At Harvard Law School, human rights activists delved into legal ways to fight discrimination against Europe’s largest ethnic minority.
Chase Strangio, a lawyer with the American Civil Liberties Union, discussed the efforts to protect gay and transgender prison inmates, who are often the target of violence and sexual assault.
The Law School hosted Victor Rosario and his attorneys for a discussion examining his wrongful conviction.
Former New York Times Supreme Court reporter Linda Greenhouse spoke at Harvard about the boundaries between journalism and citizenship and why she has crossed that line more than once.
A new program at Harvard Law School aims to help reform the criminal justice system in the United States with assistance from Harvard students and faculty, says executive director Larry Schwartztol.
Associate Justice Stephen Breyer discusses the dynamics on the Supreme Court, his role and view on sentencing reform and Citizens United, and how American democracy is strengthened by our understanding of the legal thinking of other nations.
Arguing for the freedom of colleges and universities to continue to use a well-rounded admissions process that considers the whole person to build diverse campus communities, Harvard University has filed an amicus brief with the U.S. Supreme Court in the case of Fisher v. University of Texas at Austin.
A collaboration between Harvard Law School and Ravel Law has created a program called “Free the Law,” which will make American law open and publicly available to anyone with Internet access for the first time in history.
A new photo exhibit at Harvard Law School depicts the Syrian government’s brutality toward civilians, organizers say, and raises calls for legal and political remedies.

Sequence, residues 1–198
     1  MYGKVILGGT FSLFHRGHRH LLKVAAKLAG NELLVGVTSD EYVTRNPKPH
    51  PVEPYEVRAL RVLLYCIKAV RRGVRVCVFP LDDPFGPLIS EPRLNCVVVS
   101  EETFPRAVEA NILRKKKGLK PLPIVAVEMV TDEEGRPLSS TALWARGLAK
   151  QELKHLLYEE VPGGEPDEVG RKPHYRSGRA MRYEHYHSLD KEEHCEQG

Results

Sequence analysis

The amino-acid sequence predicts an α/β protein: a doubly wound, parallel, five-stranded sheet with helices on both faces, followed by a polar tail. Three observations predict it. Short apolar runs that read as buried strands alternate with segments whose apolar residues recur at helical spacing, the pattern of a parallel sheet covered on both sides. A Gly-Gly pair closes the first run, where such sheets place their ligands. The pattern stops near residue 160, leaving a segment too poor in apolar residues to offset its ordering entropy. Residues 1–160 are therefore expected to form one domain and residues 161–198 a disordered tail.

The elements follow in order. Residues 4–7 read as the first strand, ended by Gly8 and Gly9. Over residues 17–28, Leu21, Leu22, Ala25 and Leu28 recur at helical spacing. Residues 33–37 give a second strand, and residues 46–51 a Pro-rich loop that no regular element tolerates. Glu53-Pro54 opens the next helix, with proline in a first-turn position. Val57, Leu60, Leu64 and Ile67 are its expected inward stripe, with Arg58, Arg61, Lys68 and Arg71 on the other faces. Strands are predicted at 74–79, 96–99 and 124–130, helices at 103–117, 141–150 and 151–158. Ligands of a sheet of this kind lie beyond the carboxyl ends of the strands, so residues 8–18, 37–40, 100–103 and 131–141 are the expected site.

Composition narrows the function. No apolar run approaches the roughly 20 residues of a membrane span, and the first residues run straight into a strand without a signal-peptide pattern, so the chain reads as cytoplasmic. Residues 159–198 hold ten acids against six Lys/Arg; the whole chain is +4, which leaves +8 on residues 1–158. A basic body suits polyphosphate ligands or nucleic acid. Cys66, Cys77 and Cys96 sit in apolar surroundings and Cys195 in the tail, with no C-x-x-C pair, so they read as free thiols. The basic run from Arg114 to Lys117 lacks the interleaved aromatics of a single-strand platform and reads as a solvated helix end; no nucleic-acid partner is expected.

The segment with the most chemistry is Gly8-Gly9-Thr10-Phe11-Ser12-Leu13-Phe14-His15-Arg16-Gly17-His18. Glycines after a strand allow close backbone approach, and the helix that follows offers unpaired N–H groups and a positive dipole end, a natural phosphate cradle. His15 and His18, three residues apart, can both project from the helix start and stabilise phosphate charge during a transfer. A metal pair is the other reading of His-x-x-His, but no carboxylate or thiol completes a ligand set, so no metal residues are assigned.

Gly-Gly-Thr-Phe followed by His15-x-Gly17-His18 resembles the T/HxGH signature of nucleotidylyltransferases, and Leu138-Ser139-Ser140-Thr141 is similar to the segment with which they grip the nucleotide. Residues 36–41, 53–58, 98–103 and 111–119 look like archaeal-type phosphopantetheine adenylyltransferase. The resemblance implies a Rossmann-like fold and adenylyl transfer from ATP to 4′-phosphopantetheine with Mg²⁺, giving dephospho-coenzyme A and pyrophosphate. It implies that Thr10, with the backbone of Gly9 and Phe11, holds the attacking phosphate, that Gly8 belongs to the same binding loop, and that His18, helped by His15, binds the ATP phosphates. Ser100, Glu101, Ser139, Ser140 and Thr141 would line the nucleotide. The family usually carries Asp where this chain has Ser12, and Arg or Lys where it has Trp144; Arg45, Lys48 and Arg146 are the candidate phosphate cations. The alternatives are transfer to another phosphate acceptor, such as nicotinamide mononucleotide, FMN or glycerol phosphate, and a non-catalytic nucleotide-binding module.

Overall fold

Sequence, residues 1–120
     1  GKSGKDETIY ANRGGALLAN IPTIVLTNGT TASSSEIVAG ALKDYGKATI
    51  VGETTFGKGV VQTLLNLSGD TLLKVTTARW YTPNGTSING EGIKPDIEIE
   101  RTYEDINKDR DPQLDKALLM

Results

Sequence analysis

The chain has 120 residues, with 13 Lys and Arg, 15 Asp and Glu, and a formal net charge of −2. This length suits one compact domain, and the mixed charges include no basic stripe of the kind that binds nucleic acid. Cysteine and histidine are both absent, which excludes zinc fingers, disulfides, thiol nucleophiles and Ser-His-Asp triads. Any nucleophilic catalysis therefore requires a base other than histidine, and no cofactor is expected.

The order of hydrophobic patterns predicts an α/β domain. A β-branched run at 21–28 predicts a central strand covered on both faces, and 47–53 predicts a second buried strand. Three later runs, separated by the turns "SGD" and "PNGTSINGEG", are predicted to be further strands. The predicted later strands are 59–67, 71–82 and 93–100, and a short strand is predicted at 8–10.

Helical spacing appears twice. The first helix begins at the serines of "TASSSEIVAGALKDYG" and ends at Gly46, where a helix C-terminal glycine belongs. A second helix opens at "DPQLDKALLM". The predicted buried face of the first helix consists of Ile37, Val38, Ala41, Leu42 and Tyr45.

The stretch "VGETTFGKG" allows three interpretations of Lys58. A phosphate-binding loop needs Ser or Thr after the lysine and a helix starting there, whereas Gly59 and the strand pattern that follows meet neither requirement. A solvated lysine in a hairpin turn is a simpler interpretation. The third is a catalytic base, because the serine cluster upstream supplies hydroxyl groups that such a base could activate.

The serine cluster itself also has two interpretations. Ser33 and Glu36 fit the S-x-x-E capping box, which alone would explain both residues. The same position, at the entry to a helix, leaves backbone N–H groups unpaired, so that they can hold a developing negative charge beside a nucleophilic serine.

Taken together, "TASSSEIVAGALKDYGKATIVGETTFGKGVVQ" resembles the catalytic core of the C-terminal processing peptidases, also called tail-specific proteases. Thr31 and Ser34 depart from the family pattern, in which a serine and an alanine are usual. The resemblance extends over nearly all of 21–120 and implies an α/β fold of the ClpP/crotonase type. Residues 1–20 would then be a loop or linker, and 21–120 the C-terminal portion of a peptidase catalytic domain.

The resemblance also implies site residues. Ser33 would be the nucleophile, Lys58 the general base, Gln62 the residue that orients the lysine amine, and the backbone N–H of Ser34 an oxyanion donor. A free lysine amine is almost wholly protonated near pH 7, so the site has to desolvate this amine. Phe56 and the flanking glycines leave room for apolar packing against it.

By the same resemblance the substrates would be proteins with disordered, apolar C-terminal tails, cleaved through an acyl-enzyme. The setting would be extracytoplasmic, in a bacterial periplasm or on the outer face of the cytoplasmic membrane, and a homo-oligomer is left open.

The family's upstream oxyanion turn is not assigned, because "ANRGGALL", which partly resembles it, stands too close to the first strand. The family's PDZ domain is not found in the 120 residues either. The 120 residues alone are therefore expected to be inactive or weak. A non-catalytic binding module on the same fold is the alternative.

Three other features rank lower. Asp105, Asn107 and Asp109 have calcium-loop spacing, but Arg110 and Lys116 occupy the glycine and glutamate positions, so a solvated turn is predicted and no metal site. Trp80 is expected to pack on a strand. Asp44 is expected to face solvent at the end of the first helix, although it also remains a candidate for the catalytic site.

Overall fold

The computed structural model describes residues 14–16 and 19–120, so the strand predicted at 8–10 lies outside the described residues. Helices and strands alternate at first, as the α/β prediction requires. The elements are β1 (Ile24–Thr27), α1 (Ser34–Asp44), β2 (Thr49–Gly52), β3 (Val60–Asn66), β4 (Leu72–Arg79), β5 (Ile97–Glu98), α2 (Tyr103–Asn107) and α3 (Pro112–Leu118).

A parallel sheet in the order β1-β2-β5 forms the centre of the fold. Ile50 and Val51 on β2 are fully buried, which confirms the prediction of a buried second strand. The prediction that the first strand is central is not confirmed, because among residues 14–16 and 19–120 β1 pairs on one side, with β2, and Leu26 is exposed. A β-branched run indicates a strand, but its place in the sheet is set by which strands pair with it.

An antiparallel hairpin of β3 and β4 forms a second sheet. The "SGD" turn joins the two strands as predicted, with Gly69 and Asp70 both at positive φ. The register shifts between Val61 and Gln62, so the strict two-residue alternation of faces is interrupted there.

During an appearance at Harvard Law School, U.S. Supreme Court Justice Anthony Kennedy criticized the shortcomings of the American prison system, citing its “ongoing injustice.”
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The crisis in heroin addiction has mobilized law enforcement, public health officials, and scholars to push for substantial changes to drug policy.
Increasingly, says a report by Harvard Law School’s Program on International Law and Armed Conflict, doctors can be charged for giving medical care to alleged terrorists.
Harvard Law School’s Peter Carfagna breaks down the seemingly endless, ongoing legal battle over deflated NFL footballs.
The landmark U.S. Supreme Court decision upholding gay marriage nationally is “one for the ages,” a Harvard legal analyst said, a judgment echoed by others.
As he concludes a five-year lab study on institutional corruption, Harvard Law School Professor Lawrence Lessig, departing as head of the Edmond J. Safra Center for Ethics, reflects on the lessons learned, and the challenges that remain.
Harvard Law School Professor Carol Steiker is devoting her Radcliffe Fellowship year to working on a book with her brother about the past half-century’s experiment with the constitutional regulation of capital punishment in America.
Third-year Harvard Law School students clashed in the high drama of the venerable Ames Moot Court Competition on Tuesday under the jurisdiction of visiting federal judges, including one of the nation’s foremost legal authorities, U.S. Supreme Court Associate Justice Antonin Scalia.
On Harvard Kennedy School’s PolicyCast podcast, alumnus Bryan Stevenson addresses issues of racial and financial inequality in the U.S. justice system.
HLS health care law expert Einer Elhauge discusses the latest Supreme Court case to test the Affordable Care Act.
Since its founding in 2012 by Clinical Professor of Law Daniel Nagin, more than 30 HLS students taking part in the Veterans Legal Clinic have represented more than 100 clients in the areas of federal and state veterans’ benefits, discharge upgrades, and estate planning.